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In early April, Eric and Lee Broadway were enjoying coffee and each other's company on their porch. They had some rare alone time because their four children were out of town. But, that calm was disrupted for Eric when he needed to work for a few hours; Lee remained home and relaxed. When Broadway was on his way back, he called and his wife shared some worrisome news.
“She said ‘I have the worst headache of my life,” Broadway, 43, told TODAY. “She lost feeling in her left leg and she fell.”
Broadway encouraged Lee, 41, to stay on the phone while he drove home. When he arrived, they headed to the emergency room at the local hospital. After a CT scan, the doctors knew she needed specialized neurological care and they flew her to Novant Health Presbyterian Medical Center in Charlotte, North Carolina.
In the chaos, Broadway never learned what caused Lee’s symptoms until he asked a passing nurse who informed him that Lee had a broken blood vessel in her brain.
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Still feeling uncertain, Broadway Googled “broken blood vessel” and learned that Lee likely suffered from an aneurysm. An aneurysm is a weakening of the blood vessels in the brain, which balloon out and sometimes look like berries. They sound scary, but doctors agree that with monitoring and lifestyle changes they can be managed.
While the transfer to the hospital went well, Lee’s condition didn’t improve.
“Lee is in serious pain. All she is doing is begging for them to take away her pain. It is hard to hear her screaming for help,” Broadway said.
But a nurse practitioner reassured Broadway. Lee's aneurysm only ranked two out of five, which was good news. He felt confident enough about his wife’s health that he went home to sleep while his in-laws stayed at the hospital.
The next day, April 2, doctors used a catheter to examine Lee's brain. After the procedure, a doctor gave Broadway and his in-laws a thumbs-up and explained they inserted a coil into Lee’s brain. Neurosurgeons often use coils to treat aneurysms said Dr. Vineeta Singh, a fellow of the American Academy of Neurology, who did not treat Lee.
But hours passed and Lee had not come out of recovery. The family started worrying when the doctors invited them to the conference room. The doctors told them that there were complications and “there is nothing we can do for Lee.”
“I lost it. I ran out of the room,” said Broadway.
The coil popped out of place and Lee experienced complications. She was brain dead and died on April 3.
“It was a huge surprise,” said Broadway. “For some reason for her to bleed out, it is unexplainable.”
While experiencing crippling headaches can be a sign of an aneurysm, doctors say ruptured aneurysms are exceedingly rare.
“There is a less than one percent chance of an aneurysm rupturing,” said Dr. Mark Bain, a neurosurgeon at Cleveland Clinic, who did not treat Lee.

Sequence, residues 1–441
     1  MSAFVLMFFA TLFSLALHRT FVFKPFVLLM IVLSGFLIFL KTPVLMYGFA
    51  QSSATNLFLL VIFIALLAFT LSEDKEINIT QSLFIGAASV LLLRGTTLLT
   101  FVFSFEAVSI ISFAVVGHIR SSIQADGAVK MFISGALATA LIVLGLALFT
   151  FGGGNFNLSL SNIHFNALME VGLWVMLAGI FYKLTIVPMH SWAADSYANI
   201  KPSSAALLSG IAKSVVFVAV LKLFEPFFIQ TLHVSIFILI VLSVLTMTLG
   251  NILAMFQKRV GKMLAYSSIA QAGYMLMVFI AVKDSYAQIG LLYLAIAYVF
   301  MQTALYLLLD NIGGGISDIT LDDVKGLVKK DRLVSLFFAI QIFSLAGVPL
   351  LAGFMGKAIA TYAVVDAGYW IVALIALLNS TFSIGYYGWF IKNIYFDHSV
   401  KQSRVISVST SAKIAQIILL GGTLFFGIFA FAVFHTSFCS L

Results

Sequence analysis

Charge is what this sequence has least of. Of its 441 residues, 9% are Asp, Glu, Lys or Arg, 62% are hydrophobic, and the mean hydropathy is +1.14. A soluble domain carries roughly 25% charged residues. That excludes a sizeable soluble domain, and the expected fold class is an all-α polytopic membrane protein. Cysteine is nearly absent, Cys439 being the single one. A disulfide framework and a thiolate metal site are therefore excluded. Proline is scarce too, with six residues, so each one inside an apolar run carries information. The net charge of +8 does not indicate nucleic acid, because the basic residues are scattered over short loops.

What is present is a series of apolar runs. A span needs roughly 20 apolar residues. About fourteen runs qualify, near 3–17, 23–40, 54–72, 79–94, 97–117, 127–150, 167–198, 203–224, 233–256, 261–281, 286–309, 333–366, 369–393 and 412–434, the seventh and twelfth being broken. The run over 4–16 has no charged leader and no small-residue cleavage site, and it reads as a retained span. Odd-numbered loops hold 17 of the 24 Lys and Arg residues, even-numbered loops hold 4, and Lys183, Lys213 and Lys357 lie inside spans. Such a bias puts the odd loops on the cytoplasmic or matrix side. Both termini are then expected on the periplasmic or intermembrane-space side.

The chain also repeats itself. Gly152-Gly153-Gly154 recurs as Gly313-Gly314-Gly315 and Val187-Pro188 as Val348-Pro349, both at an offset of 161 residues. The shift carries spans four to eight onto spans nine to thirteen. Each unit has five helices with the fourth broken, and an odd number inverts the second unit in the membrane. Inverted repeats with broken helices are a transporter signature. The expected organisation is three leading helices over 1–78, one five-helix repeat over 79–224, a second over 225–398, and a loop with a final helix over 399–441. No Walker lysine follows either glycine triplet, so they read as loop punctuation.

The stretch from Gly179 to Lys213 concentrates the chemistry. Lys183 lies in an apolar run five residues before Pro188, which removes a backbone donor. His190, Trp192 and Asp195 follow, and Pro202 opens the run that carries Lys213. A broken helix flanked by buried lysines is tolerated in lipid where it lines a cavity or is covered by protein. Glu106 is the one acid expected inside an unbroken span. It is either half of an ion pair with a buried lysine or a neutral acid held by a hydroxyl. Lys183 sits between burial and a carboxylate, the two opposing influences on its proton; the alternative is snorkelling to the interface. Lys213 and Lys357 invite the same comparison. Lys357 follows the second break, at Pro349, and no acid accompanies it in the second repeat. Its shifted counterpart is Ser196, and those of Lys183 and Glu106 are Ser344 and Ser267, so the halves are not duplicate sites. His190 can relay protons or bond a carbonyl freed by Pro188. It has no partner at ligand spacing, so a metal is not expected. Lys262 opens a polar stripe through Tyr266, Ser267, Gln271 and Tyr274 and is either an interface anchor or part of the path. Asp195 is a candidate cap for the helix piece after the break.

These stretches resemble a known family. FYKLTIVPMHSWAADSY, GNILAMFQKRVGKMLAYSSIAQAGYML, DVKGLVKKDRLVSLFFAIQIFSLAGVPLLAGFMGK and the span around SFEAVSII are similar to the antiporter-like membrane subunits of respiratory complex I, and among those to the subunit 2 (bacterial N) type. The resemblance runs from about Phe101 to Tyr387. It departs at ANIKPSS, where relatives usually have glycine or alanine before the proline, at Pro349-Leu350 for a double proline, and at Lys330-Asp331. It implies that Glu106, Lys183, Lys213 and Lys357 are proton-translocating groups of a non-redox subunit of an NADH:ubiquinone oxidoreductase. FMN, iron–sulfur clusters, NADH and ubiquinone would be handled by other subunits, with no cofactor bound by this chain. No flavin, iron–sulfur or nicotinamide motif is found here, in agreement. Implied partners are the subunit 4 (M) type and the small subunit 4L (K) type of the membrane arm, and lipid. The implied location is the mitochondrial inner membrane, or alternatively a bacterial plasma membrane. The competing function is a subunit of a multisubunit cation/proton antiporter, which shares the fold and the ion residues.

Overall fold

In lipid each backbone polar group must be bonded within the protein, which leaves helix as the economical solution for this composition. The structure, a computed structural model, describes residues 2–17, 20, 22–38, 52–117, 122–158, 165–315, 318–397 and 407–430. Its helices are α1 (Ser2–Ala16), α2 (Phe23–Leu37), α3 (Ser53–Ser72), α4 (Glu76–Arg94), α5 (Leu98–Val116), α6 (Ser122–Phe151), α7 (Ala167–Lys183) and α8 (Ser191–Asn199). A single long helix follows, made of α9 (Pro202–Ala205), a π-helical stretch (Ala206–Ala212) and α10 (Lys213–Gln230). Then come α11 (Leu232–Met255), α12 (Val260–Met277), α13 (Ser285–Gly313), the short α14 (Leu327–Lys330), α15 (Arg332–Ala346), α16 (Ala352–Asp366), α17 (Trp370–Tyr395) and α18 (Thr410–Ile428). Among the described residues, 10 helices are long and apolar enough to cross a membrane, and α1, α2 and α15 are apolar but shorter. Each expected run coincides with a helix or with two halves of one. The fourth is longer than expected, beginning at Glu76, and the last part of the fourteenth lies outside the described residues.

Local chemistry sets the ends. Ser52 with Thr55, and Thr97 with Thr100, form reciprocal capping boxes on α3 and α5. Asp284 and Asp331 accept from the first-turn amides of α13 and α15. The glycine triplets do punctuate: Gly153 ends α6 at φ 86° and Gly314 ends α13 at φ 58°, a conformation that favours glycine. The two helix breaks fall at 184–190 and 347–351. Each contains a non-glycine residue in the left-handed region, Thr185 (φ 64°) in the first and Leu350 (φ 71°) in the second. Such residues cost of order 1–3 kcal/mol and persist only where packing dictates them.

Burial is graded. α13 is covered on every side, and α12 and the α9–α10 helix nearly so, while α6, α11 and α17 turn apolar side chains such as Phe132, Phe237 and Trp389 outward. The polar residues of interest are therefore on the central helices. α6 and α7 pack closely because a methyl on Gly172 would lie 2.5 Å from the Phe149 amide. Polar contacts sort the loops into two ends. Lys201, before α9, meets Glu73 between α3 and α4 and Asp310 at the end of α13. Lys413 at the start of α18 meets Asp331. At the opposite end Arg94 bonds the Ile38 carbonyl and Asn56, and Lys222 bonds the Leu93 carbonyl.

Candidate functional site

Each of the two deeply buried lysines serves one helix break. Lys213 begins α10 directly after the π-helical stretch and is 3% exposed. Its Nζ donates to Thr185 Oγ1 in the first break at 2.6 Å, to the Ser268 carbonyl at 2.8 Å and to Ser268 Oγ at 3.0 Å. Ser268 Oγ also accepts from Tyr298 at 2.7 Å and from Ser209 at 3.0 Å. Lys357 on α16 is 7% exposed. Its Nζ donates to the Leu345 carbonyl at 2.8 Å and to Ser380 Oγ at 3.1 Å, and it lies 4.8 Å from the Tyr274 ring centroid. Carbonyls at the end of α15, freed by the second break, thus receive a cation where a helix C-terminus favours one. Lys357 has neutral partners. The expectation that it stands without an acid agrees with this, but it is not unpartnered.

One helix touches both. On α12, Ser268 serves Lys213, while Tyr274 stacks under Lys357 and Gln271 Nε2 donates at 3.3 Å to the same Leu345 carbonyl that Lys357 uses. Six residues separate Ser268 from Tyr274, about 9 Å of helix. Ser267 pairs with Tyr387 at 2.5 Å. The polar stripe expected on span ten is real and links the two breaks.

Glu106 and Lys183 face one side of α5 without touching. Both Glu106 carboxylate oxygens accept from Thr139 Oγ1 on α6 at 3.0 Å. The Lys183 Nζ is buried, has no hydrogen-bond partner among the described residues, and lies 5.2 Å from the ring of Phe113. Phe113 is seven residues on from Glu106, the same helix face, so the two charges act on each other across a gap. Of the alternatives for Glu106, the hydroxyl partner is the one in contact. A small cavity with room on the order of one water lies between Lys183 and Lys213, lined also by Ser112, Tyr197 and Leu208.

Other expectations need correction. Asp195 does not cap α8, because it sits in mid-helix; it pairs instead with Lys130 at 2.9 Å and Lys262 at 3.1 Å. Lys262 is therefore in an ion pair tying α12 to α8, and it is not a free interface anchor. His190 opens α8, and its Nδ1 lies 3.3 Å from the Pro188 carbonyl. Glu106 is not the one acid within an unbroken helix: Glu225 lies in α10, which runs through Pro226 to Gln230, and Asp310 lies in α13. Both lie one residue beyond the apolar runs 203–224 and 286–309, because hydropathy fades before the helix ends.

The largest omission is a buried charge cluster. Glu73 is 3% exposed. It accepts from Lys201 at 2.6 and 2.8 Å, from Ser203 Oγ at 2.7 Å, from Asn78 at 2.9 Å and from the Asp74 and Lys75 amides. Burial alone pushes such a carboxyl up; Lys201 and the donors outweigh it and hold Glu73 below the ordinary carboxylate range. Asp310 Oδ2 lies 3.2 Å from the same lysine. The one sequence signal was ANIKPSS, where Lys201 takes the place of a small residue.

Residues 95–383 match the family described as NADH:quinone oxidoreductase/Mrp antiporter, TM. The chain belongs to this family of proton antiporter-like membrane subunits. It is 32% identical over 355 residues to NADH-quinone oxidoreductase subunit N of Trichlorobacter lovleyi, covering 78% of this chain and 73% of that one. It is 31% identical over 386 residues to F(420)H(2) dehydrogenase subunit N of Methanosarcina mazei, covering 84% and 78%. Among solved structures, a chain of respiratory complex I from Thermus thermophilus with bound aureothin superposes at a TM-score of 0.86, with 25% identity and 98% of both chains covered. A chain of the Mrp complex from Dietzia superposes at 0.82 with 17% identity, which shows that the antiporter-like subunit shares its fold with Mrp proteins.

But when they rupture, people certainly can tell.
“If your aneurysm is rupturing you will know. It is usually the worst headache and a sudden pop. Most people fall to the ground and vomit,” he said. “It is different than any other headache that you have had.”
People who smoke, use cocaine or have high blood pressure are at higher risk of aneurysms, but doctors remain uncertain why they occur. Lee had high blood pressure, said Broadway, but she took medication for it and was healthy enough that her family doctor felt shocked by her passing.
He's not the only one. Broadway still grapples with Lee’s loss, but he's trying to be strong.
“I don’t have time to be down, I have to be there for my kids,” he said.
Broadway had known Lee since middle school. They were best friends and he fixed her up with his friends. But when she was a senior in high school, he realized that his feelings for Lee were more than friendship.
“I remember writing her this letter and just spilling my guts to her,” Broadway said. “I thought ‘How is she going to respond to this?’”
Lee responded by sharing his feelings and they started dating. A year later, she had their first child, Adair, when Lee was 18, and Broadway, 19. Six years later, she had their second daughter Averi, and Broadway felt content.
“I thought we were done. Lee wanted a son because the first two were girls,” Broadway said.
Then they had Alex, now 10, and finally a boy Adrien, now 8 years old.
Lee devoted her life to her children.
“She just appreciated everything about being a mom from doing homework to field trips with them and (being) in the classroom,” Broadway said. "She based her life around it."
The family has received support from people around the world and that helps Broadway and his children feel comforted.
“It’s just mind-blowing to see,” he said.
Broadway said he’ll miss having adventures, and even down times, with Lee, and hopes that others who hear her story remember to love their friends and family.
“I hope people just learn to love your love(d) ones every minute of every day and not to take it for granted. Lee and I both took things for granted and it is me just wishing I could say one last thing to her and do one last thing for her,” he said.
Friends and family of the Broadway family have set up a GoFundMe page to help support the family during this difficult time.